Kendall, who becomes indirectly responsible for the death of the waiter when he drives his car off a bridge, is similarly concerned for his own well-being, but his response speaks to a more existential terror. He tries to cover his tracks, but fails, leaving his hotel key card at the scene of the crime. He tries to shake it off the following morning, but can’t lose the guilt. He’s called into his father’s office, where he’s forced to confront the horrible truth that, despite being a 40-year old man, he still needs daddy to bail him out. This entire season we thought the Succession was about Kendall’s “hostile takeover” of Waystar Royco, when, it turns out, Armstrong was constructing a character study. And, despite Kendall being a spoiled, shitty corporate suit, there is just something so goddamned sad about watching him acknowledge to his horrible fucking father that, fuck, he’s just not very good at this. “You’re my number one boy,” Logan says as Kendall sobs into his chest, knowing that he’s finally got this thorn in his side under control again.

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Photo: Colin Hutton (HBO)

It’s hard to imagine where Kendall’s story goes from here, as his arc this season feels complete. It’s impossible to imagine him ever trying to usurp his father again, and if Armstrong is aiming for authenticity in its upcoming second season he would be wise to relegate Kendall to the sidelines and bring Shiv, Tom, and Greg to the forefront. Their stories, it feels, are only just beginning.

Shiv’s proven she doesn’t want to play too dirty when it comes to getting Eavis elected, and there’s fertile soil in her continued efforts to get an anti-capitalist in office when she carries the weight of Waystar on her shoulders. Tom, meanwhile, continues to grapple with the remnants of his Midwestern naivete as he eases into life as a member of the elite. It’s dispiriting, obviously, to watch someone cast off whatever goodness they still had—how sad was it a few weeks ago when Tom bailed on his old friends to go the club with Roman?—but Armstrong framing it as Tom’s march towards confidence makes it a touch more palatable. Watching him bully the handsome, smarmy Nate out of his wedding party was a scene I didn’t know I needed. Matthew Macfadyen is undeniably this show’s breakout star.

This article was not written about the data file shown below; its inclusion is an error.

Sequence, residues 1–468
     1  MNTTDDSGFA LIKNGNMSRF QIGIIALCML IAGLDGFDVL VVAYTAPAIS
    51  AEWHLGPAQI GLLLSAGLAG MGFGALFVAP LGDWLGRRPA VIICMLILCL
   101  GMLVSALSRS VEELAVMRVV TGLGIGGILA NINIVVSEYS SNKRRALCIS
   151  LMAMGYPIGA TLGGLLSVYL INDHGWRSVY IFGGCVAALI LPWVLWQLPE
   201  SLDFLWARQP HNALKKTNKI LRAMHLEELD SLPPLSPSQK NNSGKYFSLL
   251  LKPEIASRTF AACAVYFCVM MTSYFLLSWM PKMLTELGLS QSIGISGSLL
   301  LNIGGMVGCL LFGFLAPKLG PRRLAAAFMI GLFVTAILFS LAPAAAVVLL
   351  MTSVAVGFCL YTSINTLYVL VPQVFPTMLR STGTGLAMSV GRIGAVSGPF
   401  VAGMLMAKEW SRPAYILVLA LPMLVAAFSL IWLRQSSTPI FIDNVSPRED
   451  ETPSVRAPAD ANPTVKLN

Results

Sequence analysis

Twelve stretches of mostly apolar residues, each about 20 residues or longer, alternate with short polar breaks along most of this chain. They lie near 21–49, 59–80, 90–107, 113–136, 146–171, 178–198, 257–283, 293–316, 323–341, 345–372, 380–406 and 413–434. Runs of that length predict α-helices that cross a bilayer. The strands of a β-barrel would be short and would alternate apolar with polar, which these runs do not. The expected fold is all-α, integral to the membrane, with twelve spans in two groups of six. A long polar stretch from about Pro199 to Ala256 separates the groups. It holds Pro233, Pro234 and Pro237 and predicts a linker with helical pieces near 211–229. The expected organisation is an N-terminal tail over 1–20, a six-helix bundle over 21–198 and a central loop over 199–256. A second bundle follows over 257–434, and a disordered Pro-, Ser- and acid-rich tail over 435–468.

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And then there’s Greg. The Ringer’s been joking that Succession will eventually reveal itself as the story of Greg’s rise from geeky intern to corporate overlord, and, based on the power play he pulls on Kendall here, that could very well be the case. In his shaky, stammering way, Greg reveals to Kendall that he was involved in Tom’s sexual harassment cover-up, and that they’d be wise to keep him on board if they didn’t want that information getting leaked. Kendall, tickled, calls him a “little Machiavellian fuck,” and I am onboard for Greg’s ascent in the Roy family ranks. It might not happen next season, but one day Greg is gonna get Tom back for all those punches in the arm. It might not be pretty.

Honestly, I’m onboard for wherever Armstrong and company want to take this story next season. I am so not done hating these people.

Stray observations

  • Just a note here to call out all the performances. Jeremy Strong was a bit stiff for me in the early going, but his turn as Kendall took on more and more dimension with every episode. His performance in the finale is gutting; subtle, layered, and deeply vulnerable. Nicholas Braun is a revelation as Greg, asserting himself as the most accessible character in a den of vipers while still exuding a bit of ambiguity regarding his own motives. Also, shout to Sarah Snook’s turn as Shiv, who’s had some of the chewiest material in regards to her relationships with Tom and Nate. Her post-wedding chat with Tom in the bedroom was one of this episode’s best written scenes, but her and Macfayden navigated its numerous pivots with a wonderful sense of affection, confusion, and frustration.
  • Also, I didn’t get a chance to talk about Connor above, but, Jesus Christ, Alan Ruck is hilarious. When we interviewed him about the show, he said that Connor suffers from an undiagnosed “delusion disorder” and, if it weren’t clear already, it’s pretty obvious when he starts talking about running for president. “Sounds like a fun project,” Willa says when he tells her. Please, please, please let this storyline continue next season.
  • “Socialism, huh? Wow. I got a big problem with you and everything you stand for, my friend,” Connor says when he corners at Eavis at the party. “I look at you and I see Weimar, I see hyper-inflation. I mean, I look at your face and, no offense, but I see dead babies.” Later, he tells Shiv that Eavis “buckled under intellectual scrutiny.” Connor is literally a MAGA Twitter reply guy. I also couldn’t get enough of his repeated talk of “my readings.”
  • “I spoiled you and now you’re fucked.” Logan gets right down to it, doesn’t he?
  • Tom: “Can I send him home?”